Poppy Field, area north of Lübeck, Germany, 1995

 

For anyone who has had the experience of being stateless or drifting between nations not knowing where they might be allowed to stay, the news that I received from the Japan immigration office today, that my application for permanent residency was approved, will carry the familiar sense of relief that I am feeling today. Though I am a German and do not want to give up my German citizenship I have never lived there and don’t think I would really know what to do with myself if Germany was the only place I had to return to. I’ve been in Japan so long now that it almost goes without saying that I would make this place my permanent home, but all my life until now Japan has remained a kind of mirage that hadn’t accepted me yet into its fray. It has always been difficult to commit myself to this place, give my whole heart to it, while its people had not in return shown me steps that would justify my spending my energy in making this a proper home. Yet, today, the nod was given and, in spite of my skepticism before, it has made a whole lot of difference.

So many people around the world take the place they live, and their country, for granted. Many of them have never experienced the wrenching feeling of dislocation that accompanies the realization that, if circumstances dictated, you would find yourself adrift in an indifferent world, belonging nowhere, akin to no community. In these last two years, with the choices of possibly being forced to leave Japan, but not being able to return to the States because of the crackdown in immigration (even though most of my family lives there), maybe only being able to choose Europe as my destination, but knowing only a few people there and no job prospects, or perhaps seeking out some other, only obscurely imagined country (I’ve imagined New Zealand) my sense of losing hold of my place on the ground grew more and more acute, until, in these last two months, I had the feeling that parachutist might have when drawing nigh a forest with no breaks… no idea where to put my foot down because there is no place safe or solid.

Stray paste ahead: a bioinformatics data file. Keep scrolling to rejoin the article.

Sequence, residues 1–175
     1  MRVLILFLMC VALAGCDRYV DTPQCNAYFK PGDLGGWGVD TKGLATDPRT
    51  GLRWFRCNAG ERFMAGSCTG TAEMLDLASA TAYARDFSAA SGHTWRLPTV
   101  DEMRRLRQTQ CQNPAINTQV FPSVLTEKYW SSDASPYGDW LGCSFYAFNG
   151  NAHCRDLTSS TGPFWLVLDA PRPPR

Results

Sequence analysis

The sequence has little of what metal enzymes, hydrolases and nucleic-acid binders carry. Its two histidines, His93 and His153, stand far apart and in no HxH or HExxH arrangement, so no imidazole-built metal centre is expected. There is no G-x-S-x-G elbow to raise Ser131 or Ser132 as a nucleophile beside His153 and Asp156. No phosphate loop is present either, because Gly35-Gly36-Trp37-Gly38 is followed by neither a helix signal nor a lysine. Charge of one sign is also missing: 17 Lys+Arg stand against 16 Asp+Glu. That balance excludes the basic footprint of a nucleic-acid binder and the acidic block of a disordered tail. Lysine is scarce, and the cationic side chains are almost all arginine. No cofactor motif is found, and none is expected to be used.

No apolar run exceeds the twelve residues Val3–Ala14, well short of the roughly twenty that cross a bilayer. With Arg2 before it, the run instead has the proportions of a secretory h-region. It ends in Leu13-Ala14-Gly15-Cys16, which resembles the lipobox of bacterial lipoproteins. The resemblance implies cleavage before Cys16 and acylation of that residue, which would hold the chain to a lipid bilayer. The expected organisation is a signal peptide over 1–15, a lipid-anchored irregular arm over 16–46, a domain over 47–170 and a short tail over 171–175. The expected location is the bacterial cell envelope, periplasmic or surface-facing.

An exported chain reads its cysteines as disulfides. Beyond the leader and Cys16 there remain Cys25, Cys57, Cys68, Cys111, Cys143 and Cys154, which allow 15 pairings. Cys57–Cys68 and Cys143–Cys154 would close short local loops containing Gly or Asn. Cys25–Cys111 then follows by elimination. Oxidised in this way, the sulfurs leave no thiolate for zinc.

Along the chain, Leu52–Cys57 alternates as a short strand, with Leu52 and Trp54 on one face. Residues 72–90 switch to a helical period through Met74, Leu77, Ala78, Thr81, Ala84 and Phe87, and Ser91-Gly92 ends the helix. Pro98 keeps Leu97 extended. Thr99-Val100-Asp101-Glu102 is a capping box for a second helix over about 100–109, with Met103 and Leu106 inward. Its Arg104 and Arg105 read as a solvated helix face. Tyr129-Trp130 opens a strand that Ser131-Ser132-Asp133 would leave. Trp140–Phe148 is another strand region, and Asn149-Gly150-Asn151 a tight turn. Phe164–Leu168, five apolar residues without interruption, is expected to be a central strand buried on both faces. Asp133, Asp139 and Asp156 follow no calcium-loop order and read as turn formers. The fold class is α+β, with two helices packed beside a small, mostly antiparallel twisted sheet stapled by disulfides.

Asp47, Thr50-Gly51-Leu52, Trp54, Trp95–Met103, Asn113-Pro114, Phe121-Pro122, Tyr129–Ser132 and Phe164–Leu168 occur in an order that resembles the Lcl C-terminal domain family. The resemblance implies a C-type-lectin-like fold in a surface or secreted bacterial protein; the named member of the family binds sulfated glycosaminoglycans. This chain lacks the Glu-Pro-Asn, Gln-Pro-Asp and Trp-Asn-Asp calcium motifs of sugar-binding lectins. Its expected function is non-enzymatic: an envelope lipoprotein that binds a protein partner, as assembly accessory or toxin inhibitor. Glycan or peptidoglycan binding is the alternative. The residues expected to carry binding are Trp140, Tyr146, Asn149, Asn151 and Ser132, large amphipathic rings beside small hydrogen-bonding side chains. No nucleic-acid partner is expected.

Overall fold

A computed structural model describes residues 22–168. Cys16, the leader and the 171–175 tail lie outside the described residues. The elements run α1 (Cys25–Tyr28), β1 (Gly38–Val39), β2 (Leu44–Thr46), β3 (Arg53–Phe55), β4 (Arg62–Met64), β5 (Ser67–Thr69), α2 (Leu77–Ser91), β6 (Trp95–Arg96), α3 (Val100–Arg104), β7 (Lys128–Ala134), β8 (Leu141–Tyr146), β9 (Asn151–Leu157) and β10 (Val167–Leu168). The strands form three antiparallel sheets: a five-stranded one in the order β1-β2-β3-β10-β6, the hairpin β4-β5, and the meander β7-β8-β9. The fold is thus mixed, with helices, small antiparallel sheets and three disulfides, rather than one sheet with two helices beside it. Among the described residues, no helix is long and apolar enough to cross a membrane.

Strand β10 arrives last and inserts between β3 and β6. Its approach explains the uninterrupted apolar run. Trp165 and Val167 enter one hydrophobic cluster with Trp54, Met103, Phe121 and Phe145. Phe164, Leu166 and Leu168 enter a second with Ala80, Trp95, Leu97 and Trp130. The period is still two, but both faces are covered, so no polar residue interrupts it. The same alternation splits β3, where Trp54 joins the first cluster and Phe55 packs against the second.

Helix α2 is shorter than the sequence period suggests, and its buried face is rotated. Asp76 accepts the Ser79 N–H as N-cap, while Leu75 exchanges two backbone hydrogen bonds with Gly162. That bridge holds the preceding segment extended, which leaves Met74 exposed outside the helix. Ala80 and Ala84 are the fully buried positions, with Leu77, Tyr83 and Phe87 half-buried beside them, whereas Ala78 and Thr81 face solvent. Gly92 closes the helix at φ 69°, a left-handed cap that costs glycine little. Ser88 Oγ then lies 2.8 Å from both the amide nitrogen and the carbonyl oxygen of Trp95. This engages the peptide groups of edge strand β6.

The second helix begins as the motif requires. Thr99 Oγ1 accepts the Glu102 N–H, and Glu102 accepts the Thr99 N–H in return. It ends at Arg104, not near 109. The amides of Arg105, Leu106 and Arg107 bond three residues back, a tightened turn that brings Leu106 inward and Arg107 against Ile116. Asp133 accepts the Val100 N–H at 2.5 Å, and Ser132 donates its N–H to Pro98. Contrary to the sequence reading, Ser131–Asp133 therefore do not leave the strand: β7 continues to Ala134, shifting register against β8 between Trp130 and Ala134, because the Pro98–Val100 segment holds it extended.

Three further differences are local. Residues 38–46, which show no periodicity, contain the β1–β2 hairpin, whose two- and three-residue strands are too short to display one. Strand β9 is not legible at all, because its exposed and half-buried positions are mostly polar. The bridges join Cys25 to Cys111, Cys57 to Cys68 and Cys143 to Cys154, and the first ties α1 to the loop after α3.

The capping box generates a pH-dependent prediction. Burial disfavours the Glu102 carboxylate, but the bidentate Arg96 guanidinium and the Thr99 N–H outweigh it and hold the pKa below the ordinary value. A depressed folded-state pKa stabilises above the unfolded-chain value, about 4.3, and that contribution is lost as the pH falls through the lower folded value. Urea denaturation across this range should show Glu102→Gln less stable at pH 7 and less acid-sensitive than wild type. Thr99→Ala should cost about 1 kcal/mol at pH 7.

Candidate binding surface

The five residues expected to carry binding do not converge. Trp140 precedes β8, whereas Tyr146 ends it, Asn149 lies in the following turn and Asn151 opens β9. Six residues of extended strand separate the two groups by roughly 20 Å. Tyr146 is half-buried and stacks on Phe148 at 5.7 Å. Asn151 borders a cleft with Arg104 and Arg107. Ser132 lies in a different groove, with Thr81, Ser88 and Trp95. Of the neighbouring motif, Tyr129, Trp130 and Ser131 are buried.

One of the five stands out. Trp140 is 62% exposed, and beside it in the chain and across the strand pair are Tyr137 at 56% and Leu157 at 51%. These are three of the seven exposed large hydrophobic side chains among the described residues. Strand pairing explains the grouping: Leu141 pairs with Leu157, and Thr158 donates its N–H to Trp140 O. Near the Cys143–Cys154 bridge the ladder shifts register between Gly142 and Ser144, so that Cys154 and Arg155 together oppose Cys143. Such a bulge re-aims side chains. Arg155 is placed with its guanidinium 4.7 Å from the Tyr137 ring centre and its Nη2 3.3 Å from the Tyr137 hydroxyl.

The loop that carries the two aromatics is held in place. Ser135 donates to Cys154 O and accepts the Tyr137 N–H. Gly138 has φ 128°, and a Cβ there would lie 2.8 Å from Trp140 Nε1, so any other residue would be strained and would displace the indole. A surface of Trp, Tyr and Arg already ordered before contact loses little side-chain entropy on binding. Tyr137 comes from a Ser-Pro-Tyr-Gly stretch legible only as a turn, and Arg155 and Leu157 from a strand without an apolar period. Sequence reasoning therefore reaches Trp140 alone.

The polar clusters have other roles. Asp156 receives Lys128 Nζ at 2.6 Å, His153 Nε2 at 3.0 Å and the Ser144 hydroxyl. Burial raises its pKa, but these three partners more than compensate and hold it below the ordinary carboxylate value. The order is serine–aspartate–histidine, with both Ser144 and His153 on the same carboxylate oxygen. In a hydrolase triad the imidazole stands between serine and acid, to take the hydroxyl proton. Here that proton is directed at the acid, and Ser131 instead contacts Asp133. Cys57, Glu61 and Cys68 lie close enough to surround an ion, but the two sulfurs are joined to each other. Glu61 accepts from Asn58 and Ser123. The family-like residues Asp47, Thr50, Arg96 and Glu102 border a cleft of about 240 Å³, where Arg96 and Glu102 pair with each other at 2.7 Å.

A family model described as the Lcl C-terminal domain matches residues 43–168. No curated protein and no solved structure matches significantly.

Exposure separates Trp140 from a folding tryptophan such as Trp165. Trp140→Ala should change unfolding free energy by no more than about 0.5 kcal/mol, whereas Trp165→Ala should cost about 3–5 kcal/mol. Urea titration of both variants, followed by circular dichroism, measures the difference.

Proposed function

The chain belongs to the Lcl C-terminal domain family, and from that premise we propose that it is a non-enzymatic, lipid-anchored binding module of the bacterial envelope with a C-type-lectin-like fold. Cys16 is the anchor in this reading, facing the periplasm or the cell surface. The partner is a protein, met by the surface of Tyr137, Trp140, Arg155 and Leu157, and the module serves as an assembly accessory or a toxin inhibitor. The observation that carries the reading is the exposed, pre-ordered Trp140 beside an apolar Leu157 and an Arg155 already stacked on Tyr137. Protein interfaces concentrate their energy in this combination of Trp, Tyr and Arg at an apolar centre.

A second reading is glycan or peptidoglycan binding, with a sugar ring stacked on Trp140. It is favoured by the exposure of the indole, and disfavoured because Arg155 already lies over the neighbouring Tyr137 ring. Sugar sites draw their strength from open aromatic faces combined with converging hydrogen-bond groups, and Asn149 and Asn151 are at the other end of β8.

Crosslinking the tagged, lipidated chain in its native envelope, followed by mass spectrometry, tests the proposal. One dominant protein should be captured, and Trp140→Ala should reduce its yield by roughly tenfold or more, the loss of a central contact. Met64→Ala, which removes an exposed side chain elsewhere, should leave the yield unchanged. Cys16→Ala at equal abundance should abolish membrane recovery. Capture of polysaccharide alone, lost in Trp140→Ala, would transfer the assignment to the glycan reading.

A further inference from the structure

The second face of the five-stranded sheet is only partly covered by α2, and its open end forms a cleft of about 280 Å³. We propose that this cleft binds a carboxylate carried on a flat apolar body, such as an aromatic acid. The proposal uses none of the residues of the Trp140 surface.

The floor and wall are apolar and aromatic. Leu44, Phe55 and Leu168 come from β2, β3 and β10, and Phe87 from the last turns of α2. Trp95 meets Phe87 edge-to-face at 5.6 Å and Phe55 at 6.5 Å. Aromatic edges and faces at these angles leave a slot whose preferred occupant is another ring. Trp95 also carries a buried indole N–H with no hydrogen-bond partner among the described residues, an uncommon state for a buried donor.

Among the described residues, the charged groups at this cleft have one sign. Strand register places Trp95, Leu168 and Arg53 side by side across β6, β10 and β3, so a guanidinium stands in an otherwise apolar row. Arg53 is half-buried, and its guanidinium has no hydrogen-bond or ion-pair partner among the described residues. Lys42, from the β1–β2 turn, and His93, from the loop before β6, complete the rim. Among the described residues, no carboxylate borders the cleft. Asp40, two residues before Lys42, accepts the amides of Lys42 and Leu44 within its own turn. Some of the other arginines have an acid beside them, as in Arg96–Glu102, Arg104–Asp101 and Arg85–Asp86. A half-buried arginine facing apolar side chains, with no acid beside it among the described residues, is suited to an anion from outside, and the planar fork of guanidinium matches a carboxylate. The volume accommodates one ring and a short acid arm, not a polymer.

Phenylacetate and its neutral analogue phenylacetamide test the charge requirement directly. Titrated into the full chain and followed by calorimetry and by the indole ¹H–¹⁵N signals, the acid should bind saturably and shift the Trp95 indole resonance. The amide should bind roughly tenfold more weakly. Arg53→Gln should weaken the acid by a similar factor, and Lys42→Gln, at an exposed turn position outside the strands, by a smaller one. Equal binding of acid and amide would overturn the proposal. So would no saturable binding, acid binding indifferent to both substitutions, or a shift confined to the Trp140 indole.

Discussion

I had always thought of myself as more a less a wanderer and lone wolf until the wandering and lone wolfing became the only path I could see. I understood then that, while roving still boils in my blood, I also need some ground to lay roots in and to grip the earth with my toes so that I can see where and who I am. Just as much, I need others… friends, colleagues, neighbors… around me to help define me as an individual and act as the catalysts that bring alive and give meaning to all that I endeavor when communicating or working. Wandering around without purpose or direction or starting point only adds to a sense of aimlessness that I feel has the effect of rendering human actions and thoughts null if not reciprocated by another or by a place. I no longer believe in the individual who gets all they want or does whatever they damn well please. More and more I believe that a fulfilled person is an individual in the larger world, filling in the role of a piece in the jigsaw puzzle.

And so this acceptance of my part in Japanese society has given me a show of confidence in me that I deeply appreciate, even if it is only a bureaucratic filling in of check-marked requirements. Someone, somewhere thought to allot me a place here that I can fill and, like an anchor, it secures the long luffing sail of my self confidence and gives me a place to recalculate my new steps.